Investigators who have contributed to the conceptualising,
conducting, as well as being involved in the data analyses
and manuscript writing will be eligible for authorship
and be responsible to share outcomes with different
stakeholders through publications and workshops.
The results from this study may support new dietary
guidelines for Nepalese and possibly South Asian pregnant
women that can lead to improved pregnancy outcomes,
neurodevelopment and cognitive functioning in children.
Trial registration number Universal Trial Number:
U1111-1183-4093. Trial registration: clinicaltrials. gov:
NCT03071666. Protocol date: version 1.2, 1 June 2017.
Mori, AT, et al. 2017. “Cost-benefit and extended cost-effectiveness analysis of a comprehensive adolescent pregnancy prevention program in Zambia: study protocol for a cluster randomized controlled trial”. Trials 18 (604). Publisher's VersionAbstract

Background: Early marriages, pregnancies and births are the major cause of school drop-out among adolescent

girls in sub-Saharan Africa. Birth complications are also one of the leading causes of death among adolescent girls.

This paper outlines a protocol for a cost-benefit analysis (CBA) and an extended cost-effectiveness analysis (ECEA) of

a comprehensive adolescent pregnancy prevention program in Zambia. It aims to estimate the expected costs,

monetary and non-monetary benefits associated with health-related and non-health outcomes, as well as their

distribution across populations with different standards of living.

Methods: The study will be conducted alongside a cluster-randomized controlled trial, which is testing the hypothesis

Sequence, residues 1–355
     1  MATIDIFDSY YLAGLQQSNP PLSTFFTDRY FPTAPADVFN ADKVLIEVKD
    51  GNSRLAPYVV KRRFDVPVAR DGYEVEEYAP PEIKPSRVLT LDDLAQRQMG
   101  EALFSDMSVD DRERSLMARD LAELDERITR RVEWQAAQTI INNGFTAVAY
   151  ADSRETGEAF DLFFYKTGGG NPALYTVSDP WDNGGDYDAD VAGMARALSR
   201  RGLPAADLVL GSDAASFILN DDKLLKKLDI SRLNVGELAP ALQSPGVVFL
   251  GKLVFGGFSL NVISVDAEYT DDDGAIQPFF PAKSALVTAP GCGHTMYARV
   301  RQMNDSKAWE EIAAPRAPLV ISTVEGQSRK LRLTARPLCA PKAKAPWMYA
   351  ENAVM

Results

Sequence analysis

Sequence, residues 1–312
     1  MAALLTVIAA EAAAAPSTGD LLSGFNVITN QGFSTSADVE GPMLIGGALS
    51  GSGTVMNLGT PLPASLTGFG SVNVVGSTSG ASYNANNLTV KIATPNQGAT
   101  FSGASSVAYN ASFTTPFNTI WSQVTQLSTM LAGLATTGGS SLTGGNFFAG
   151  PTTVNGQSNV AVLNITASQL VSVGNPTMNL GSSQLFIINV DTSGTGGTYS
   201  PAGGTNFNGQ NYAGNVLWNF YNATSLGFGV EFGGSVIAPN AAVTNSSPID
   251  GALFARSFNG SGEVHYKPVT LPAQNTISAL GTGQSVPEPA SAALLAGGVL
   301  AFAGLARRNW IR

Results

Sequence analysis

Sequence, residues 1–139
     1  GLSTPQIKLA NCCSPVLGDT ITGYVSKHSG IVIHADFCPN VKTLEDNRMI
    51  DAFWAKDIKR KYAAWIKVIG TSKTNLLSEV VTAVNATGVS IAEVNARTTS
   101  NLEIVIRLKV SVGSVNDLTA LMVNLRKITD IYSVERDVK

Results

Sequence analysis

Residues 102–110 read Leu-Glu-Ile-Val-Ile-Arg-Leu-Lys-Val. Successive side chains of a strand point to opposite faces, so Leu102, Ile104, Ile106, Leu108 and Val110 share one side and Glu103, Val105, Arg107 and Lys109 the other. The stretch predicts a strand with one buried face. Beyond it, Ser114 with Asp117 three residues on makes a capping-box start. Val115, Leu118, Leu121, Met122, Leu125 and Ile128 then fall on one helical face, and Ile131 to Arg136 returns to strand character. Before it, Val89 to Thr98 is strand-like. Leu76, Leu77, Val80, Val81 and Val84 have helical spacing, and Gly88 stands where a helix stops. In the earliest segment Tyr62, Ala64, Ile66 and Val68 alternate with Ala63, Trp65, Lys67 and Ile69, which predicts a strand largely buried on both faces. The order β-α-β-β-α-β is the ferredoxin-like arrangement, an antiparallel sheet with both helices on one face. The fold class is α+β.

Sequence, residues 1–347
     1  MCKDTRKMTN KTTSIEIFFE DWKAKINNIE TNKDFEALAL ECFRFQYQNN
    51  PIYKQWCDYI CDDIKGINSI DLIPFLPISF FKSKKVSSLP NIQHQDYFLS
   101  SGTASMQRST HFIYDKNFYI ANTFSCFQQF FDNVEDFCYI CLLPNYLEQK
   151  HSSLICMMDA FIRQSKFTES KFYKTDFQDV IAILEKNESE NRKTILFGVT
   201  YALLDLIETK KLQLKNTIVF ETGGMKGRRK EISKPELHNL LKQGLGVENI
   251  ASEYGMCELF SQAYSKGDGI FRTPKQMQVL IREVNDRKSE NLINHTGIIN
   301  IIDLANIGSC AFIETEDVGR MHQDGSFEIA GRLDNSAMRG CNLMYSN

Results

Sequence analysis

that economic support with or without community dialogue is an effective strategy for reducing adolescent childbearing

rates. The CBA will estimate net benefits by comparing total costs with monetary benefits of health-related and

non-health outcomes for each intervention package. The ECEA will estimate the costs of the intervention

packages per unit health and non-health gain stratified by the standards of living. Cost data include program

implementation costs, healthcare costs (i.e. costs associated with adolescent pregnancy and birth complications

such as low birth weight, pre-term birth, eclampsia, medical abortion procedures and post-abortion complications) and

costs of education and participation in community and youth club meetings. Monetary benefits are returns to education

and averted healthcare costs. For the ECEA, health gains include reduced rate of adolescent childbirths and non-health

gains include averted out-of-pocket expenditure and financial risk protection. The economic evaluations will

be conducted from program and societal perspectives.

Discussion: While the planned intervention is both comprehensive and expensive, it has the potential to produce

substantial short-term and long-term health and non-health benefits. These benefits should be considered seriously

when evaluating whether such a program can justify the required investments in a setting with scarce resources. The

economic evaluations outlined in this paper will generate valuable information that can be used to guide large-scale

implementation of programs to address the problem of the high prevalence of adolescent childbirth and school

drop-outs in similar settings.

Trial registration:, NCT02709967. Registered on 2 March 2016. ISRCTN, ISRCTN12727868.

Registered on 4 March 2016.

Keywords: Adolescent pregnancy, Early marriage, School drop-out, Cost-benefit analysis, Extended cost-effectiveness

analysis, Cash transfer, Catastrophic health expenditure, Cluster randomized controlled trial.